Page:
Highlights – and contributions of our speakers
Our Black History Month program on February 11 brought out one of the largest crowds for a monthly PDB meeting – and surely the most beautifully diverse ethnic mix. Around 60 members and friends attended.
As part of our Black History Month celebration, the Progressive Democrats of Benicia honored four local African-Americans for their service and dedication to our local communities:
- Honorable Terrye D. Davis, Judge, Solano Superior Court
- Viola Robertson, Exec. Dir., Benicia Community Action Council
- Dr. Zoee Bartholomew, Ed.D., Commissioner, Benicia Open Government Commission and
- Novanna (Vonnie) Hunt, Board Member, Benicia Human Services Board.
Gethsemane Moss and K. Patrice Williams moderated the program.
One of our honorees, Novanna Hunt, submitted a written record of her remarks, and co-moderator Gethsemane Moss submitted her poem. We are proud to publish both here:
Novanna (Vonnie) Hunt offered a highly significant insight into the reality of Black History here in Benicia during her lifetime. She told of growing up and remaining a resident on Benicia’s Carolina Drive:
Black History month is a time to recognize and remember great deeds, people and accomplishments in the history of African Americans. We have a bit of interesting and unheralded Black History right here in Benicia.
I live on Carolina Drive which was once an all African American community. How did Carolina Drive become a black community? The homes were built in 1954. As the story goes the original developer fell into financial trouble and needed to sell the homes quickly. He sold his first home to an African American family. After that, he couldn’t sell to anyone but African Americans. The older homes in nearby West Manor had restrictive covenants that prohibited the sale of homes in that development to African Americans. Remember, that in the early 50’s it was tough for a Black couple to qualify for a home loan. They had to have a significant down payment, be gainfully employed at stable jobs, have stellar credit and often references from a white person.
My mother first purchased a home on Carolina Drive in the mid-1960s. My husband and I purchased the home in 1971. I believe it is time to dispel the myths and the prevailing warped perceptions about this neighborhood of 41 homes located just off Military and West Seventh Street. As a fifty-year resident, I can tell you… [continued]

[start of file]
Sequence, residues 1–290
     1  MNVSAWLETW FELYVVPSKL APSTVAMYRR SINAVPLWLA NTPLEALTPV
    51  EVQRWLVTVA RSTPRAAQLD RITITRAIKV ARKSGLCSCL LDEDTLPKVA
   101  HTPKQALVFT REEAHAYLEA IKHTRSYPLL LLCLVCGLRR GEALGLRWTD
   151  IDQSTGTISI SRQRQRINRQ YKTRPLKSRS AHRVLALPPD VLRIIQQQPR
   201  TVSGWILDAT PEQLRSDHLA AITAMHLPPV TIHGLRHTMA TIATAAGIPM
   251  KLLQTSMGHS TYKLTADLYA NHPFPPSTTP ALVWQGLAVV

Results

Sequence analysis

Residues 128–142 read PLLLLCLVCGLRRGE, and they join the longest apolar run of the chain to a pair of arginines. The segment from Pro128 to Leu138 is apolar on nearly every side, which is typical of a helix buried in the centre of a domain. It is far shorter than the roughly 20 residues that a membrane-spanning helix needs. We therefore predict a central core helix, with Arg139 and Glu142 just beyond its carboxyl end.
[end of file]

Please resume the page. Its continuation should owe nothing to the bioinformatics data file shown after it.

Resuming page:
Gethsemane Moss opened with a brief statement about her learnings during her doctoral research, “I studied the history of the negative labeling and experiences of black women. It was during my research and review of literature that things began to make sense based on my own experiences, particularly as a young person and as a working professional. I learned that black women face a great deal of scrutiny in work settings and are constantly put in positions of having to navigate systems while considering their race and gender in order to combat stereotypes. It has helped me to put things in perspective as I continue moving forward in my life.”
Then she shared her moving poem, This Black Woman. The lengthy work begins,
When you look at me, what do you see?
Black, Mammy, Jezebel, Sapphire, angry, uneducated, welfare?
The many lies that have been told about me, yet you never took the time to really see me.
Everyone has a story.
I am mother, a daughter, a wife, a girlfriend, a writer, an actress, a playwright a scholar, a sister, a friend!
I am not only these things for 28 or 29 days out of the year, I am these things 24 – 7 – 365! [continued]